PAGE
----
The Union could have lost the War without the USCT but I am not sure they would have. The Union had the manpower it needed to win but it is possible that the political fallout from drafting the manpower could have caused them to negotiate a peace. This in no way should be taken as a lack of respect for the USCT and they played a major role in the Union winning the war, but the numbers were there for the Union to win without the USCT. Judging the political will without the USCT is much harder.
I believe the Union would have won the war, but the addition of these brave men aided materially to the victory. They played a major role, but in a limited way. They fought in all theaters and at sea in the Navy.
That is a very good and very tough question to answer. While I decided to vote no it was rather thought provoking to imagine the US victory without the USCT.
The influx of 180,000 soldiers on one side of any conflict is going to have an impact and in the 19th century a rather significant one. Would 180,000 additional soldiers have made the difference for the CS? No, because they could not have armed equipped or fed them. The US not only could they did which is in itself a statement. The social and political ramifications of the USCT altered the path of the US permenantly. While it took a long time it helped pave the way for the civil rights movement and the eventual racial equality of the US. While we may still not quite be there without the USCT I believe we would be a lot farther away than we are today.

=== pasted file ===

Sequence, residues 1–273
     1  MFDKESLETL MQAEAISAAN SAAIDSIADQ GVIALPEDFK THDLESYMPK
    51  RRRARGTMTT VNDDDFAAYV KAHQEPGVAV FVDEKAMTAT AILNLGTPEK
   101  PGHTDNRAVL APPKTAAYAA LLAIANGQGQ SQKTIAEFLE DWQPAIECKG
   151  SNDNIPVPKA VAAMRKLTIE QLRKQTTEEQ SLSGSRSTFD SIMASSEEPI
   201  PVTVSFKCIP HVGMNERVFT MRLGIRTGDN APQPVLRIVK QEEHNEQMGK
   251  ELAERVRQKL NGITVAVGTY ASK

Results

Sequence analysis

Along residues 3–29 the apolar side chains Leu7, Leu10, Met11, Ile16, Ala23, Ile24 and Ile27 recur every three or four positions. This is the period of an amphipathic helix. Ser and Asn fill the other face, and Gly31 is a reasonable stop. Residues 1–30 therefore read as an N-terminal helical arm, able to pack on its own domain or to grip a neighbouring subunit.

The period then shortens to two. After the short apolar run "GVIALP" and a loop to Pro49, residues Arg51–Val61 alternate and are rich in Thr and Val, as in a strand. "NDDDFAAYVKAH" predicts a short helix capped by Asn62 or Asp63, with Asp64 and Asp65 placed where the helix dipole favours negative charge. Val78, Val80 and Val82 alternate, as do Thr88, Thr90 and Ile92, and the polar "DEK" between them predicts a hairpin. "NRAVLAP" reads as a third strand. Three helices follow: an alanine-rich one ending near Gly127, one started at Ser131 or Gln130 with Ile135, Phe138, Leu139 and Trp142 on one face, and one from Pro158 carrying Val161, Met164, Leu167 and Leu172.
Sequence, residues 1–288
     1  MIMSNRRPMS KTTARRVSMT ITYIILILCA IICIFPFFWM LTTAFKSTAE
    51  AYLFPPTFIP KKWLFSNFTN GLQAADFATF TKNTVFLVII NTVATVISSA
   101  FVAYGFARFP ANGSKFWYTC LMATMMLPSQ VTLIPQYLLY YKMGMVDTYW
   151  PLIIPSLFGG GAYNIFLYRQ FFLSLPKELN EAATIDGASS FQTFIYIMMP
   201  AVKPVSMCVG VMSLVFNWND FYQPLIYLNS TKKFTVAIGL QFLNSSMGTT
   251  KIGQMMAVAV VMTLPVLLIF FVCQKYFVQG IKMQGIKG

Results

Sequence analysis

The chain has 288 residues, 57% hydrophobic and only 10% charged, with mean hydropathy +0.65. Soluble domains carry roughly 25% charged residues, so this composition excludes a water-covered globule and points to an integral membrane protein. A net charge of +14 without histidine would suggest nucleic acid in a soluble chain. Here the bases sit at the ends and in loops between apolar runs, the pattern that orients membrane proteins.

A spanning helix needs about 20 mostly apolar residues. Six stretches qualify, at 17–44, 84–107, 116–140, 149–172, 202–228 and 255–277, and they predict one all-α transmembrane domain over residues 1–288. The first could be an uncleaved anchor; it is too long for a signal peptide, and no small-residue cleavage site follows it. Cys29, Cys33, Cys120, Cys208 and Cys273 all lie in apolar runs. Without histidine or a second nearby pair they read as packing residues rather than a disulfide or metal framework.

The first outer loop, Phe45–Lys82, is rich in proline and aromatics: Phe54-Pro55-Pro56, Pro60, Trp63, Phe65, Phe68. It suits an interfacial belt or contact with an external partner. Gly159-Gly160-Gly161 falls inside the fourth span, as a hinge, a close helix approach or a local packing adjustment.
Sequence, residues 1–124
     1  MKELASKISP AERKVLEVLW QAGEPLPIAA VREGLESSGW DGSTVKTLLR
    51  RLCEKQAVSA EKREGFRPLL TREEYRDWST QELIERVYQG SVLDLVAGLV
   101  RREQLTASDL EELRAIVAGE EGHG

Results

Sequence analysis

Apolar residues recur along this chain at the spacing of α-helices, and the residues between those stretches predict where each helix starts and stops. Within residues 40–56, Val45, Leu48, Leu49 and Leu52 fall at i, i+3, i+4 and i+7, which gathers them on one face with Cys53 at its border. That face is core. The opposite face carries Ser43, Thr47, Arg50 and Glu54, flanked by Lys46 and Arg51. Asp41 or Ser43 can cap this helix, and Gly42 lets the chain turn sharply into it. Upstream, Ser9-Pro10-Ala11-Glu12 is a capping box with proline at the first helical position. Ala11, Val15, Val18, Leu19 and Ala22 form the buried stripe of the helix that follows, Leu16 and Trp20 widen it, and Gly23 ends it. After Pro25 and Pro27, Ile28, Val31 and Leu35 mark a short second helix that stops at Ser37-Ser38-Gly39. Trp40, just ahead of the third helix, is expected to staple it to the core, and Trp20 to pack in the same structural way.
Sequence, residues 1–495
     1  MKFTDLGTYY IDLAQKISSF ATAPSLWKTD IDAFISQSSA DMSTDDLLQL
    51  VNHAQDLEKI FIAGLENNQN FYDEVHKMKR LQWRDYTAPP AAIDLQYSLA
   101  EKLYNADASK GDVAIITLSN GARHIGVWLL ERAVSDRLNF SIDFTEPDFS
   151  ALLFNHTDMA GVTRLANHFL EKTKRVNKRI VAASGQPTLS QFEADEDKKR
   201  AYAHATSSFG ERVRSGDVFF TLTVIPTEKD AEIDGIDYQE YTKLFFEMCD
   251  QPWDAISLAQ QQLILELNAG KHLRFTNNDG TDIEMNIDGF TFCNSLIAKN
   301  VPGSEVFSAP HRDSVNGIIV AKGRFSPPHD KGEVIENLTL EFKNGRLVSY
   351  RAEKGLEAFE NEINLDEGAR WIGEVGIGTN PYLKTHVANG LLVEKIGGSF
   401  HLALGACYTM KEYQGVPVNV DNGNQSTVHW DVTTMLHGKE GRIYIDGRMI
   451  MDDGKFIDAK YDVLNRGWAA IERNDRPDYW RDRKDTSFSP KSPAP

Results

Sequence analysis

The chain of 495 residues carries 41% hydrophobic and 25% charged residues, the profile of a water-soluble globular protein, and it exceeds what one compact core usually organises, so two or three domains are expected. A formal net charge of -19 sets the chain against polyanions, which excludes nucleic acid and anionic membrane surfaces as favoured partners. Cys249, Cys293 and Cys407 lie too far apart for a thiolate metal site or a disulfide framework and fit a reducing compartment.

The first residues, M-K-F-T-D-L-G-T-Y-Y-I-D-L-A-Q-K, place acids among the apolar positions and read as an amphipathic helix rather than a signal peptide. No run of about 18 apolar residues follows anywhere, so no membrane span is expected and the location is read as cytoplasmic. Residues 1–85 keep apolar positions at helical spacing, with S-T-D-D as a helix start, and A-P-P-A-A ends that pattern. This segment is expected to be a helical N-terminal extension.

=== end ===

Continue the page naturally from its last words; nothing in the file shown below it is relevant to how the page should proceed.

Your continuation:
I don't think you will find any historian that would support the claim that the Union would have lost the Civil War without the USCT. In the few cases where these units were deployed in combat their performance tho aggressive and courageous, wasn't pivotal to any particular victory (Nashville?). They simply were not given the full opportunity to participate in combat in enough instances to truly measure their value in that role.
The African-American sailors probably had a bigger impact. The navy was able to assemble crews much faster than they otherwise would have, and the naval operations went more smoothly.
Sherman did not like USCT but he was critically dependent on his black pioneers. Bridges had to built quickly and efficiently and swamps had to be crossed. People who were equipped and experienced in that work were essential.
Interesting question. The addition of about 190,000 black soldiers and sailors to the union ranks was certainly an important source of manpower, particularly during the later stages of the war. So I think that their service, while significant, is only one of many, many building blocks that contributed to the northern victory.